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1By phone: 0800 374 076
2By e-mail:info@clos-o-mat.com 

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Space To Change - The Concept

Space to Change

“You wouldn’t change your baby on a public toilet floor.”

Child on FloorIf that baby is now a child or adult with special needs, the floor is often the reality.

The concept of Space To Change toilets arose from users, the tens of thousands of people who need extra space and equipment to help their loved one with their toilet requirements away from home.


Space To Change builds on the basic provision of a wheelchair-accessible toilet, with the space and equipment to enable personal care hygienically, OFF the floor.

Space to Change potential users:

- 11million registered disabled people in UK

  • 6.5million people with a bowel problem
  • 1.5million adults and children with a learning disability
  • 1.3million children in England with special needs
  • 1.2million people living with stroke
  • 62,000 amputees
  • 30,000 adults and children with cerebral palsy
  • 13,000 people with acquired brain injuries
  • 8,500 people with multiple sclerosis
  • 500 people with motor neurone disease
  • 8,000 people with spina bifida

Space to Change Birds Eye ViewSpace To Change toilets bridge the gap between typical ‘Document M’ accessible toilets and the ultimate, a Changing Places facility (see our Changing Places section).

A Space To Change toilet is meant as a minor upgrade/ refurbishment, to overcome the issues campaigners consistently face when asking for Changing Places: issues of space and cost. Legally providers have to offer at least a wheelchair-accessible toilet*, all they need to do is add into that an adult-sized changing bench and hoist.

*Building Regulations Approved Document M 2015 section 5

Space: A Space To Change toilet is 7.5m2 (3m x 2.5m)What you need

Equipment:

  • as per a conventional wheelchair- accessible toilet ie close-coupled WC, washbasin and taps, grab rails, alarm pull cord, sanitary dispenser, waste bin, mirror, sanitary disposal bin, shelf and wall hook.
  • Adult-sized changing bench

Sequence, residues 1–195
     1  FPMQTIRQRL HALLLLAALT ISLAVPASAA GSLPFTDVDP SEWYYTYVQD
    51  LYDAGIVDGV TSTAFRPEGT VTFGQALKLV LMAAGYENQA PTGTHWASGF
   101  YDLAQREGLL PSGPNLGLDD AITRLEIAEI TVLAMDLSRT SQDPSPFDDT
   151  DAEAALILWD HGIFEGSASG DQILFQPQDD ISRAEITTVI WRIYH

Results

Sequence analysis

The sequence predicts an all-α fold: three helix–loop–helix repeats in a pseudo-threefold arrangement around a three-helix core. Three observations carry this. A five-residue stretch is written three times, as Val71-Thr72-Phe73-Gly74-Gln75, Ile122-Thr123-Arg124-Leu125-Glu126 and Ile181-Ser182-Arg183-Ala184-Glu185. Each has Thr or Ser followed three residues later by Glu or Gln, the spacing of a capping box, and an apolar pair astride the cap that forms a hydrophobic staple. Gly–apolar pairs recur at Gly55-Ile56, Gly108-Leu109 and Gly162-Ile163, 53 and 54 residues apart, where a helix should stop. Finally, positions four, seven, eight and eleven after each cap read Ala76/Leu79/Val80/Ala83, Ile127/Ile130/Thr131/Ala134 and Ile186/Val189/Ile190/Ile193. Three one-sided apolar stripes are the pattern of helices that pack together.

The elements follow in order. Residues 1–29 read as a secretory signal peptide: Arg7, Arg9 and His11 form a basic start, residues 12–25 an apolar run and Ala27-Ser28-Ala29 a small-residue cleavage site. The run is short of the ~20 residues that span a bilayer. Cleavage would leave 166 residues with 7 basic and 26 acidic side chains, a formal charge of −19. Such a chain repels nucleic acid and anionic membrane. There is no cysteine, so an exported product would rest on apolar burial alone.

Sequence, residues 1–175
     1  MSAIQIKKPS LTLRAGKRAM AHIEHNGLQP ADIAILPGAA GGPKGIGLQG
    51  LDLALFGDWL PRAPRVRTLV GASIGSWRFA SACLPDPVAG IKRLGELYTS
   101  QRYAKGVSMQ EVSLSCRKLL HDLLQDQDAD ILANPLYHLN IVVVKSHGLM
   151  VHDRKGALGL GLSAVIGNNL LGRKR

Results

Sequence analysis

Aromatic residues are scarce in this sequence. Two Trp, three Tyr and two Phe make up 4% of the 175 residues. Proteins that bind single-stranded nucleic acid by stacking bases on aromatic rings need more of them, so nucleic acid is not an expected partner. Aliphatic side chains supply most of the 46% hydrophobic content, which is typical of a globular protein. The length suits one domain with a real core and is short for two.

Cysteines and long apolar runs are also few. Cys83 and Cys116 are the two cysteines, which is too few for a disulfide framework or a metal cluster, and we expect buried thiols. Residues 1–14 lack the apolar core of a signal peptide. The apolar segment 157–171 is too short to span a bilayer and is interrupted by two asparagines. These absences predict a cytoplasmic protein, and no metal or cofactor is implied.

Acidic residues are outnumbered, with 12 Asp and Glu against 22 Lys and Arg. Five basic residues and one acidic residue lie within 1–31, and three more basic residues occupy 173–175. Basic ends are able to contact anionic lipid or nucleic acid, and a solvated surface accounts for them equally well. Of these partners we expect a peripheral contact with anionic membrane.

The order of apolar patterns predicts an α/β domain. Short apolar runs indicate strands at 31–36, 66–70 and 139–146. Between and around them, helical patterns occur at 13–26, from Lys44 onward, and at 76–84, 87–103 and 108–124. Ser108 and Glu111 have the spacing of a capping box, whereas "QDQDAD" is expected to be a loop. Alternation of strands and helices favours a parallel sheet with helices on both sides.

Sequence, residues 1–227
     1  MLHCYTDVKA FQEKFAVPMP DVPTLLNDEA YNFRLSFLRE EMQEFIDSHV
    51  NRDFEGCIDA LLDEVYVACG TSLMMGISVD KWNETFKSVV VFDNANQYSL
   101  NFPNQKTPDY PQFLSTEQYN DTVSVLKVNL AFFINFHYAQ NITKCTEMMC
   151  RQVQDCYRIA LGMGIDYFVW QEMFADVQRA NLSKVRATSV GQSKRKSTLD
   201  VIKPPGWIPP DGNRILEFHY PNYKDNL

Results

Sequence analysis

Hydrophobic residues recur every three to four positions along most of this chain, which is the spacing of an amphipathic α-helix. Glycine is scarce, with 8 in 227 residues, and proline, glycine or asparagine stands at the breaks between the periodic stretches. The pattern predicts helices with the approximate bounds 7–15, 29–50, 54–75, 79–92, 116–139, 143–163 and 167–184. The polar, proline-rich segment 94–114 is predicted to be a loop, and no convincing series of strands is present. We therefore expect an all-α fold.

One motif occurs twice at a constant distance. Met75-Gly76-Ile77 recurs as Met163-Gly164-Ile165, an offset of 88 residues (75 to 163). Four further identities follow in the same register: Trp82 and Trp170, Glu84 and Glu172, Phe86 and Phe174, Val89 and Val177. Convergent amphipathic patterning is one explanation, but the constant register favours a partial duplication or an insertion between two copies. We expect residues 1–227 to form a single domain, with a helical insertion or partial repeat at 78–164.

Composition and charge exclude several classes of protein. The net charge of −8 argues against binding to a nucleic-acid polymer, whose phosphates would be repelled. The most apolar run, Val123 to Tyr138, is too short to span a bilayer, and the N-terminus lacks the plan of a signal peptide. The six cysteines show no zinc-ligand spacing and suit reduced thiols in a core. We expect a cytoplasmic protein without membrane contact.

• Hoist
  • Paper towel dispenser or hand dryer

All options are detailed under our ‘Products’ tab

Ancillaries:

  • water supply
  • drainage
  • electricity supply
  • suitable supporting structure if using a wall-mounted changing bench and/or ceiling track hoist

Enhancements

In a Space To Change facility, a basic adult-sized changing bench can be upgraded to be wall-mounted, and fully height adjustable to reduce effort and strain for the carer.

The hoist similarly can be anything from a floor-mounted mobile transfer system to an X/Y ceiling track, that enables finite positioning around the room, over the toilet, bench etc.

To be as inclusive as possible, the WC can be replaced with a wash & dry toilet, either static or height-adjustable (see our Palma Vita and Lima Lift under ‘Products’)

View Our Products

  • design advice, including site visits and liaising with the architects, contractors, site owners and whoever else may be involved with the provision of the facility..
  • dedicated, in-house project management
  • supply and installation of equipment, to all current building regulations and within a combined ISO 18001, 14001 and 9001 (Health, Safety, Environmental and Quality) system.
  • in-house service and maintenance of equipment
  • training of your staff to help them help users, and deal with general product maintenance.
  • final signing off of the facility, including promotion onto the Space to Change web site, other tourism web sites where appropriate and posters for use within the local community.
  • CAD blocks (see our downloads section)
  • white papers (see our downloads section)
  • campaigner guide (see our downloads section)

View Our Products  Height Adjustable Changing Bench 3-8 – Technical Data Sheet PDF

Space to Change Technical & CAD's

2D Room Layout – CAD 3D Room Layout – CAD

 

NB: 20% of the average business’ customers are disabled. Disabled people spend some £80billion a year. Under the Equality Act 2010, service providers have to make ‘reasonable adjustments’, including to the built environment, to address limitations that would put a disabled person at a ‘substantial disadvantage’; they should anticipate what those adjustments are, and make them in advance of there being a proven need.

 

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